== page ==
Is Thin Content Hurting you in the SERPs?
Since Google released its Panda update to the search algorithm it uses to rank websites in the search engine results pages (SERPs) in early 2011, there has been a great deal of focus on high quality content. There have been many refinements of their algorithm since then and they have all been aimed at improving the relevance of search results by reducing the number of websites with thin content that make it into the top of the SERPs. In the initial announcement that Google issued on their blog, they indicated that the main target of their algorithm improvements was the content farms and websites with low quality content.
In their blog post, Amit Singhal, Google Fellow, and Matt Cutts, Principal Engineer, said, “This update is designed to reduce rankings for low-quality sites—sites which are low-value add for users, copy content from other websites or sites that are just not very useful.”1 While this did reduce the amount of pages stuffed with advertising and little or no valuable content that turned up in the SERPs, it also hurt websites that didn’t match Google’s new quality standards, with many valid content sites like eHow losing as much as 20% of their traffic overnight2. A further change to their algorithm began to eliminate pages that didn’t show enough valuable information in the first screen that is displayed, referred to as being “above the fold.” Pages with too many ads above the fold were deemed to have thin content and dropped down in the SERPs in favor of pages with more of their valuable content at the top of the page3.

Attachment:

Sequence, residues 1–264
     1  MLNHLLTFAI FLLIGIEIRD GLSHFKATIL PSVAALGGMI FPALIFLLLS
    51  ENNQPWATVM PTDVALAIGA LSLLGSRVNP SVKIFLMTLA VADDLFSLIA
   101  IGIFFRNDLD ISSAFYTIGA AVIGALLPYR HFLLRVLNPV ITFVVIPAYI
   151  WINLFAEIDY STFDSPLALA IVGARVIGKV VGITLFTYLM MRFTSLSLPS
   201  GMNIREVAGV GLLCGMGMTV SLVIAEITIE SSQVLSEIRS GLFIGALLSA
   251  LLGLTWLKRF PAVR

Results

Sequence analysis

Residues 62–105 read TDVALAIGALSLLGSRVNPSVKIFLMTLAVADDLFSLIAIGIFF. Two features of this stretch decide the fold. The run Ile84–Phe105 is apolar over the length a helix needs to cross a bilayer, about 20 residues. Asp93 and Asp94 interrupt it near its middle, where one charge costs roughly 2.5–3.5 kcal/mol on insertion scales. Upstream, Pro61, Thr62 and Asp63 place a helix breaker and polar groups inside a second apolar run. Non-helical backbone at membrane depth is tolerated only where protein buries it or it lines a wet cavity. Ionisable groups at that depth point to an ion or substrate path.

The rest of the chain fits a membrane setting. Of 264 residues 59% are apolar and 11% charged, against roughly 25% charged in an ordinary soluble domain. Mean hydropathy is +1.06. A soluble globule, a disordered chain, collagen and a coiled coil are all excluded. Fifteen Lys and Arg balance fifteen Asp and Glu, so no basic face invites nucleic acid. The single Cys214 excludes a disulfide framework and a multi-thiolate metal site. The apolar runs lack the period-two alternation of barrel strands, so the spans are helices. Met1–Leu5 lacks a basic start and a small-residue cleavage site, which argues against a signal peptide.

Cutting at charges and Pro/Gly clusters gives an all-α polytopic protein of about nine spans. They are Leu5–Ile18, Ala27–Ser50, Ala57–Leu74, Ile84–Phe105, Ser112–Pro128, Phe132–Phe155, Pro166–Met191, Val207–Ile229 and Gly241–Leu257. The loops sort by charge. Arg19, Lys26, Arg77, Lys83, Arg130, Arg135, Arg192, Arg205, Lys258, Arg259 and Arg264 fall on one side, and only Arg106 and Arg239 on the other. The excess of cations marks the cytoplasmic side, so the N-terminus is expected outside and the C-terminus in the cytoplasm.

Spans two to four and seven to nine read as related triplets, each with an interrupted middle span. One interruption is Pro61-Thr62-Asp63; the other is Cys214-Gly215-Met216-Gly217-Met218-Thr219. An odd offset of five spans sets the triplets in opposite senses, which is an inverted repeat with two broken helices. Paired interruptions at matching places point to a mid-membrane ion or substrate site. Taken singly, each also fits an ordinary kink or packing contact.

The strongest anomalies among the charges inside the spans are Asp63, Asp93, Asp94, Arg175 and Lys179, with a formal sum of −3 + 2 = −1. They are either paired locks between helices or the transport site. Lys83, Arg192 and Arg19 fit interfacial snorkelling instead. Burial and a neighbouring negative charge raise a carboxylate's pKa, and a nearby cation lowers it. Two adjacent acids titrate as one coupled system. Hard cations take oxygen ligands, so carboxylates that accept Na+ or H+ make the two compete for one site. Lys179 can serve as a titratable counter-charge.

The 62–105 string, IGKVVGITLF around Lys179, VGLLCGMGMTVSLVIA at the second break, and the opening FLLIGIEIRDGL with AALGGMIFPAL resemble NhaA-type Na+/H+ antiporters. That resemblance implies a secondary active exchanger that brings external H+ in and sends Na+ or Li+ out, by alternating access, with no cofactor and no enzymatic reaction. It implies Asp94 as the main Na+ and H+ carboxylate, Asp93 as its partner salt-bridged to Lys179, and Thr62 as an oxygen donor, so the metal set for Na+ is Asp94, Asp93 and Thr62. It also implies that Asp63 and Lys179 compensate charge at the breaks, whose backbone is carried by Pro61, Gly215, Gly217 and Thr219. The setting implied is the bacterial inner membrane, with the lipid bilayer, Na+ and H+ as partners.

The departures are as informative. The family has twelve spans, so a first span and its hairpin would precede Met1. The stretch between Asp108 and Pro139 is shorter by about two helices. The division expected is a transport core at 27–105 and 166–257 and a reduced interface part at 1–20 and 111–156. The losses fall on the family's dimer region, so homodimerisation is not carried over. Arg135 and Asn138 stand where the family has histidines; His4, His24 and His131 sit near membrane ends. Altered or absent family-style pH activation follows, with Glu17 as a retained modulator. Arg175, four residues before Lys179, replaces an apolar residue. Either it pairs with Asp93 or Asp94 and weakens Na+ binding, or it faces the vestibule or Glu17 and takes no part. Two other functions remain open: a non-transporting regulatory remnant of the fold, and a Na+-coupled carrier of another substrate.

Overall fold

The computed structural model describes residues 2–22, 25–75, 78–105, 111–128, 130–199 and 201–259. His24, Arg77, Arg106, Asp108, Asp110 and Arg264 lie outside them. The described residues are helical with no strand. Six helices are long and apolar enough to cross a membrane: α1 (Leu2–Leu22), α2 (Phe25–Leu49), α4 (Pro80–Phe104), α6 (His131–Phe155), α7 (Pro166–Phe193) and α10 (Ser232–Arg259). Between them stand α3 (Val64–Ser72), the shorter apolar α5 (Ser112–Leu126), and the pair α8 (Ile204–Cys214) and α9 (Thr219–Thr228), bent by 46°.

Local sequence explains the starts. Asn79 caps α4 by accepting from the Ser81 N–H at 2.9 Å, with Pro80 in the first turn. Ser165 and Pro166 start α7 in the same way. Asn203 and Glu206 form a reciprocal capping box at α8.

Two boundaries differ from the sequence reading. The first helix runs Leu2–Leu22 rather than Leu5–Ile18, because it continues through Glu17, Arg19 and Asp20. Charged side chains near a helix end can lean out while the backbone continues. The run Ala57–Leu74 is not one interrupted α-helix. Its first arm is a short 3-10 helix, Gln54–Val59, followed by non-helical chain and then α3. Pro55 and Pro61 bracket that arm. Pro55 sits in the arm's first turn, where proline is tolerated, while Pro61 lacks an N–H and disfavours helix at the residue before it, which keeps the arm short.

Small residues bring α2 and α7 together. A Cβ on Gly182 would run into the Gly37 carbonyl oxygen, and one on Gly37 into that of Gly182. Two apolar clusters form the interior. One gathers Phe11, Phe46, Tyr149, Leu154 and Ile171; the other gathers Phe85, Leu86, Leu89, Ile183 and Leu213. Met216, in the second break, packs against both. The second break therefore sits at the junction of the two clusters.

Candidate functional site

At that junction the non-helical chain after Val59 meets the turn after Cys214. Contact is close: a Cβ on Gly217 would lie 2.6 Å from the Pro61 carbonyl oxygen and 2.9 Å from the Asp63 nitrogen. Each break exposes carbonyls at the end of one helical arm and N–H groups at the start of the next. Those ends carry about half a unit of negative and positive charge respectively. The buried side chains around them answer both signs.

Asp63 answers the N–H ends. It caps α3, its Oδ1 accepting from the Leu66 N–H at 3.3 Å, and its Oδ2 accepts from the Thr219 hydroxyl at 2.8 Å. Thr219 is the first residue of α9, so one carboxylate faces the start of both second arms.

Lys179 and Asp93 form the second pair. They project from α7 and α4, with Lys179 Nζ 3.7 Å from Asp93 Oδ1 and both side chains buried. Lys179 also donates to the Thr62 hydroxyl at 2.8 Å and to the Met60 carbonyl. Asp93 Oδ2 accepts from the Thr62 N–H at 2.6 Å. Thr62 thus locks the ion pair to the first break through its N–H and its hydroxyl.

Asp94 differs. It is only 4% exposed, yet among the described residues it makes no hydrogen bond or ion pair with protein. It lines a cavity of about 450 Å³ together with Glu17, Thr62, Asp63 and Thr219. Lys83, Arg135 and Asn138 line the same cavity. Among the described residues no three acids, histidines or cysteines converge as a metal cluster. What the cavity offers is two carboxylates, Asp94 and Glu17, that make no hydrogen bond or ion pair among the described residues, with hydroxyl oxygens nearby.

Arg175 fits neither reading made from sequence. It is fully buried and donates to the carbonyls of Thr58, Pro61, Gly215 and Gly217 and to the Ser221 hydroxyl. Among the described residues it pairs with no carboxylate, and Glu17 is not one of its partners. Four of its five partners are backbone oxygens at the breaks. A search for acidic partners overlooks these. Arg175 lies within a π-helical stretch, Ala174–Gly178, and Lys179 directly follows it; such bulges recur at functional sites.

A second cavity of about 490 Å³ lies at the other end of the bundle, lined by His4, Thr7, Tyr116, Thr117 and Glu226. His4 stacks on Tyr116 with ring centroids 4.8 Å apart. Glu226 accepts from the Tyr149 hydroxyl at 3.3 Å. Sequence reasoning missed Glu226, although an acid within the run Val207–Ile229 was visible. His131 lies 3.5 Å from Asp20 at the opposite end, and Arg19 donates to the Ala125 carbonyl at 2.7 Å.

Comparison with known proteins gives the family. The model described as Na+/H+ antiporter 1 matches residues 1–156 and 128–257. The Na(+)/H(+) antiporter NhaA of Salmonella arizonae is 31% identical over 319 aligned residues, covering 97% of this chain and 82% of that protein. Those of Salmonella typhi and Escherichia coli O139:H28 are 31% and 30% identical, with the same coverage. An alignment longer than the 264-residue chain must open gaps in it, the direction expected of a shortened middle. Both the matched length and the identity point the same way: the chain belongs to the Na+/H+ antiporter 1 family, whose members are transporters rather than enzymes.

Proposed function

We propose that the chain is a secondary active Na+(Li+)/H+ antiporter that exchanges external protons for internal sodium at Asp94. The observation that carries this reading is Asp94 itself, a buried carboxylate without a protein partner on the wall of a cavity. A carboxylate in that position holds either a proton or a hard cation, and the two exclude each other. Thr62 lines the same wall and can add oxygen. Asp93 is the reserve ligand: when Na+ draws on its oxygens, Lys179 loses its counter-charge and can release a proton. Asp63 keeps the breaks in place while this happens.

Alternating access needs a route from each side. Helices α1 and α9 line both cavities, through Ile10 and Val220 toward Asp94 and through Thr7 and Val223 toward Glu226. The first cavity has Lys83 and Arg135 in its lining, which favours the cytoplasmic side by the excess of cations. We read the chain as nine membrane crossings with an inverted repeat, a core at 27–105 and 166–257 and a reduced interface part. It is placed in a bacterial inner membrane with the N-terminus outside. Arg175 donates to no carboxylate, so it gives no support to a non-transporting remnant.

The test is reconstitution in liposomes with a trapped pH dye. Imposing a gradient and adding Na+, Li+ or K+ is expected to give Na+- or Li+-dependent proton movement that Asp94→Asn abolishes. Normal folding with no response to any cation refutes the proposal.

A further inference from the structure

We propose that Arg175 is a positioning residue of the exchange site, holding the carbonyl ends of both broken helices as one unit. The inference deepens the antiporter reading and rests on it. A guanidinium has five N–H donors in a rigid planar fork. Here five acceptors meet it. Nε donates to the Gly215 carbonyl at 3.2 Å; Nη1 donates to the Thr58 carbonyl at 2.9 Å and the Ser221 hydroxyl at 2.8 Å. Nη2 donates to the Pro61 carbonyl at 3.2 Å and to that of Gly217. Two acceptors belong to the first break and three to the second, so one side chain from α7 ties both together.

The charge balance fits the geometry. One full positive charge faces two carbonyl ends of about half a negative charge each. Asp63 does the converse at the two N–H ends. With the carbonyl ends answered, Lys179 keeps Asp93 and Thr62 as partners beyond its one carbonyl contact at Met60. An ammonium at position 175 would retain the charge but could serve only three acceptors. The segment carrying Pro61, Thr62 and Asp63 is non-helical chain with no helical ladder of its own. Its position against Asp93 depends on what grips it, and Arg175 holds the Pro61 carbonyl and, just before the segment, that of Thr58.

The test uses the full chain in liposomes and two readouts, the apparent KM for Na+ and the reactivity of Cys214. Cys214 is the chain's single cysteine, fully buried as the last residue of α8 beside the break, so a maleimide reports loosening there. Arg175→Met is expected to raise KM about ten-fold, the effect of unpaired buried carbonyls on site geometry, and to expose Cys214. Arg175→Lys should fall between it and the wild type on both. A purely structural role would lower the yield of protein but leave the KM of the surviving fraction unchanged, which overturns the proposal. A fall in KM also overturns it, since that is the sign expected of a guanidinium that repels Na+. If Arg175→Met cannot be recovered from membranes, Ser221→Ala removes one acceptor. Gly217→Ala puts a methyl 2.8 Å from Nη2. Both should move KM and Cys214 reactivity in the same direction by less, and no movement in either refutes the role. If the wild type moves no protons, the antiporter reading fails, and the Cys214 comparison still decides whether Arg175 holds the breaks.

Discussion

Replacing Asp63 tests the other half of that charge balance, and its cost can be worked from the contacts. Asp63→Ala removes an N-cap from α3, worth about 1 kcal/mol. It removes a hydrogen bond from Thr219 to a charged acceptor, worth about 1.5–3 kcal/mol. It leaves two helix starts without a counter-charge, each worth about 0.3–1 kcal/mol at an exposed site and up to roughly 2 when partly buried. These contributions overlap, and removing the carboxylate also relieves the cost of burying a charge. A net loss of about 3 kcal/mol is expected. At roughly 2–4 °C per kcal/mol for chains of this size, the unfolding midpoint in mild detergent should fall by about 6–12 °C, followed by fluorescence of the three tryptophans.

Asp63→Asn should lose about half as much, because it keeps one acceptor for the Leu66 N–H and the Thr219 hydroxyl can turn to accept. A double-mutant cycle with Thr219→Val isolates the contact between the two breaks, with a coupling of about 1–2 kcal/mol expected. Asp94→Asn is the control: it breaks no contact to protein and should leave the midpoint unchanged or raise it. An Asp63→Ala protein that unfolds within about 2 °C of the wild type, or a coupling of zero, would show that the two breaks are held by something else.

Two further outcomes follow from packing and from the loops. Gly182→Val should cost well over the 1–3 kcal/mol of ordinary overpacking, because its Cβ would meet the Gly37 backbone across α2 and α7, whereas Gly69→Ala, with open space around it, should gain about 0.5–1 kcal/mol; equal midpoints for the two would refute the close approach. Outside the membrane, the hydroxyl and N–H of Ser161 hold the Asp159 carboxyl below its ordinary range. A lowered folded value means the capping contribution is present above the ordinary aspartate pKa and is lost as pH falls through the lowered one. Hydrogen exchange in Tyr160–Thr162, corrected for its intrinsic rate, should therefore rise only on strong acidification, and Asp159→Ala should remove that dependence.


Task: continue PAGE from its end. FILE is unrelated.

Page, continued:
Continuing their attacks on thin content, Google launched their Penguin algorithm update in April of this year, targeting keyword heavy sites with too many links to unrelated websites4.
One of the unfortunate results has been that many websites that were not involved in any Black Hat SEO, but which lacked the depth of content that Google is now ranking highly, have suffered through no fault of their own. Part of the problem was that the definition of what constitutes quality content is still a bit vague, which has prompted Google to post a long list of the aspects of a webpage that their algorithm looks at to determine the value of its content5. Most of the details on this list really boil down to content that is organically produced, such as blog posts, and which has been created by someone that is experienced in the topic rather than a writer for one of the content farms. The freshness of the content and how original it is, the features that differentiate it from similar content on other websites and the depth of comprehensiveness of the content, are all now factoring into the search algorithm equation.
For many websites this has meant that they have had to totally reevaluate their Internet marketing strategies and improve the content on their websites in order to meet the new quality standards. It has become far more important to include a company blog as a means of producing a steady supply of valuable new content to satisfy the spiderbots and retain a good page rank. Company pages can no longer rely on a few pages of product descriptions stuffed with keywords and links to work as their online billboard, and must now focus on a more engaging user experience.
As with all changes to the Internet, the people that get a handle on these new online marketing parameters first will have the edge on their competitors. If your website has dropped down the SERPs since these algorithm changes, then contact Infintech Designs to start producing the quality of content that will get you back to the top of the search results.